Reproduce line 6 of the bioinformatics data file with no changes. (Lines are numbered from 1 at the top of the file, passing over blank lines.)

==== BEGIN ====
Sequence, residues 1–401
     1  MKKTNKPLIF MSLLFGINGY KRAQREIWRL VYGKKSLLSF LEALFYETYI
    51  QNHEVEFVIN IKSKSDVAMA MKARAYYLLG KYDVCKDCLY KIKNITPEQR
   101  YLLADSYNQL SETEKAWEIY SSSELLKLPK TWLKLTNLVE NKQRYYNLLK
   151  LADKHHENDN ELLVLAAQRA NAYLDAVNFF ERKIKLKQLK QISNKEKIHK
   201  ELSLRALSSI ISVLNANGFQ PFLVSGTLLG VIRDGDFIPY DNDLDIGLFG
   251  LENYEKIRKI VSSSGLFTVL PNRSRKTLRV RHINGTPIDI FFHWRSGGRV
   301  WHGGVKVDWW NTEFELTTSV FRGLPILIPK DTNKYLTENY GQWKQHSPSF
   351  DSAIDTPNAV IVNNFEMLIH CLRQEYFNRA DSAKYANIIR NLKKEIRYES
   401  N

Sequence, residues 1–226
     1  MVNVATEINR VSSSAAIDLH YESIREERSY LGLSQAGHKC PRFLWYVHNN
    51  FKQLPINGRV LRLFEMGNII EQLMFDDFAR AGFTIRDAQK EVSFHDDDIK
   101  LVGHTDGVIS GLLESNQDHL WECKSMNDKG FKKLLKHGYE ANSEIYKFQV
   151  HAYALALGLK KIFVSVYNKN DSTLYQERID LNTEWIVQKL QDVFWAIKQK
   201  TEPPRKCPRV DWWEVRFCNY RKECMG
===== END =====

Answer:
   201  ELSLRALSSI ISVLNANGFQ PFLVSGTLLG VIRDGDFIPY DNDLDIGLFG